WASHINGTON -- Suddenly, everyone wants to see the Washington Wizards.
Typically one of the NBA's weaker draws, the Wizards have become one of the biggest attractions around the league since Michael Jordan announced he was coming out of retirement to play for Washington.
Phone lines were ringing off the hook in Seattle and Boston. Interest in Bulls' season tickets peaked as fans wondered what it would be like to see the man who won six championship rings in Chicago play in a uniform that wasn't red and black.
And at Jordan's new home court, MCI Center in Washington, people who thought they would never pay money to watch the Wizards play lined up for seats.
''Did you think I was going to buy tickets to see (Kwame) Brown and (Richard) Hamilton play? No way,'' lawyer I. Hope Umana said Wednesday about Jordan's new teammates before paying more than $2,000 for two season tickets.
''I just want anything that will get me into the building,'' Umana said.
The ticket frenzy began soon after Jordan made his comeback official in a statement Tuesday.
Citing his love for the game, Jordan sold his ownership stake in the team and relinquished his position as president of basketball operations to resume his playing career.
Individual game tickets for the Wizards' two visits to Boston have sold out. The Celtics limited the number of tickets people could buy to see the Wizards to four.
Mike Golub, senior vice president of business operations for the Memphis Grizzlies, said the phones had been ringing since Jordan's announcement.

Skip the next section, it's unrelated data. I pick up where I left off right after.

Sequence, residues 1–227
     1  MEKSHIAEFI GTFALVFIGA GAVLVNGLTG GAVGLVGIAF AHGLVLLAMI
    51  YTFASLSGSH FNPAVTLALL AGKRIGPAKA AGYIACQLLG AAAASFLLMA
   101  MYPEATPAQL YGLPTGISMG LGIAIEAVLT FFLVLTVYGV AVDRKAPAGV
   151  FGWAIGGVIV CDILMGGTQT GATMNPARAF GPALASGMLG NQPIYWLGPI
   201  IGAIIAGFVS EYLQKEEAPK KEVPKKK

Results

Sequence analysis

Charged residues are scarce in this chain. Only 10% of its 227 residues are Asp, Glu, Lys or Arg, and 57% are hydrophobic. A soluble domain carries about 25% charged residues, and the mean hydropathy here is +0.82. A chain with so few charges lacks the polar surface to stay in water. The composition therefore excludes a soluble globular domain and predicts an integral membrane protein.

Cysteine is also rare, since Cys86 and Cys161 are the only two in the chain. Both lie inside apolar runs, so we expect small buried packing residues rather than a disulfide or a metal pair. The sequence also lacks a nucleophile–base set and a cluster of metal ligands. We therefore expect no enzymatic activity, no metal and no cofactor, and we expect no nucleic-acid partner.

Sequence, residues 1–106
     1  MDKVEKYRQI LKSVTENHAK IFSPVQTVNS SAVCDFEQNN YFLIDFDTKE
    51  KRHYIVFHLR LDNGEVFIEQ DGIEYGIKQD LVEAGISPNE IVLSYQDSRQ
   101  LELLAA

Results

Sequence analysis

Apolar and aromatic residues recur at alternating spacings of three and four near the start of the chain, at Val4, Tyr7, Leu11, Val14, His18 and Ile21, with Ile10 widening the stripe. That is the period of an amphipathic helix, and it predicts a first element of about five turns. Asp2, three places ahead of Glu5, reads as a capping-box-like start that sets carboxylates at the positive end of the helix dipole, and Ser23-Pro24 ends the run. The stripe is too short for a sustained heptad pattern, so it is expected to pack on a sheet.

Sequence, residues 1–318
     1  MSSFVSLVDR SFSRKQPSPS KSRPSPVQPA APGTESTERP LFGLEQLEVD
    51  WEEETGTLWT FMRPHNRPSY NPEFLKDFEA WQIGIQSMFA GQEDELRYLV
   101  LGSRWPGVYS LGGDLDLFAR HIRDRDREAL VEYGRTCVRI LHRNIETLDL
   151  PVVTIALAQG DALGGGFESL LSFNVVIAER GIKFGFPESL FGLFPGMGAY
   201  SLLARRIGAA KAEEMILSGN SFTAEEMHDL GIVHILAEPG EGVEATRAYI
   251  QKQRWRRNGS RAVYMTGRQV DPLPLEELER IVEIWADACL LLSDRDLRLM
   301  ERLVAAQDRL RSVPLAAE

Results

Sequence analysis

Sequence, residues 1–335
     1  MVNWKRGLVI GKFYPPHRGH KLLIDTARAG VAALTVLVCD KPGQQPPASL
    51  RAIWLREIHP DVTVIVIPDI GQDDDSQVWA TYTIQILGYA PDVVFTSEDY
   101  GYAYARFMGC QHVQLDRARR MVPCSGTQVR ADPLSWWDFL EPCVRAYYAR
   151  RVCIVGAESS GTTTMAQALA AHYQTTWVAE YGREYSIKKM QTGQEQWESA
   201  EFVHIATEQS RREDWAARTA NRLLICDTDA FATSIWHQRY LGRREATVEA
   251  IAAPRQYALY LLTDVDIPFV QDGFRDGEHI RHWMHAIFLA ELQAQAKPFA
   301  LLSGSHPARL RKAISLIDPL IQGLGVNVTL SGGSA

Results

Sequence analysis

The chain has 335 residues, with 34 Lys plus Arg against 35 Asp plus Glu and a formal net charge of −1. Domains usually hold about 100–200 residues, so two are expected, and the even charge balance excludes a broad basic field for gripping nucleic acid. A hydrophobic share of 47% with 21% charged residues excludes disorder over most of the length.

''When the news broke, the business probably tripled and today is our best sales day,'' Golub said. ''This will be a slam-dunk sellout.''
The Denver Nuggets added their March 20 game against the Wizards to 10-game ticket packages. Paul Andrews, vice president of ticket sales, said he expected the game to be sold out by the time regular ticket sales open Oct. 6.
''That is the most high-demand game by far and every team will tell you that,'' Andrews said.
At the MCI Center ticket counter, there was a brief wait at a booth that sold only season tickets. Team spokesman Matt Williams said that was because most season ticket sales were done over the phone.
''This morning was the decision-maker,'' Mike Sami said about making up his mind to buy tickets. He paid $3,700 for two tickets to see all 41 home games.
''Jordan is going to do the team good, and he's going to do the city good,'' Sami said.
Williams said as of Wednesday, 1,000 new season ticket packages were sold since Jordan's announcement. That boosts the number of total season ticket plans sold to 13,000, surpassing the previous high of 12,000 set in 1997, when MCI Center opened.
Ten- and 20-game ticket plans for the Wizards already were sold out.
In addition, the Wizards set aside 1,500 seats to be sold individually, without a season-ticket plan. Those tickets go on sale Monday.
''Certainly, we've been getting more calls about tickets this early in the season than we've ever had,'' Williams said.
In Chicago, fans marked Jan. 19 and March 1 on their calendars. Those are the days when Jordan and the Wizards visit the Bulls.
''In the market where he played and won six championships, they really want to see him,'' team spokeswoman Sebrina Brewster said.
Brewster said individual game tickets don't go on sale until Oct. 6, and when they do there will be only about 1,000 of them.
She said the team is, however, selling season-ticket packages and four different 11-game packages, two of which include one of the two games the Wizards play in Chicago.
Even people like Scott Baird, a hockey fan who up to now had little interest in basketball, pondered whether to buy Wizards tickets. Baird was waiting in line at MCI Center for tickets for the Washington Capitals.
''Yeah, I'd see him play. Michael is Michael, he's such a special athlete,'' Baird said. ''He can do whatever he wants.''
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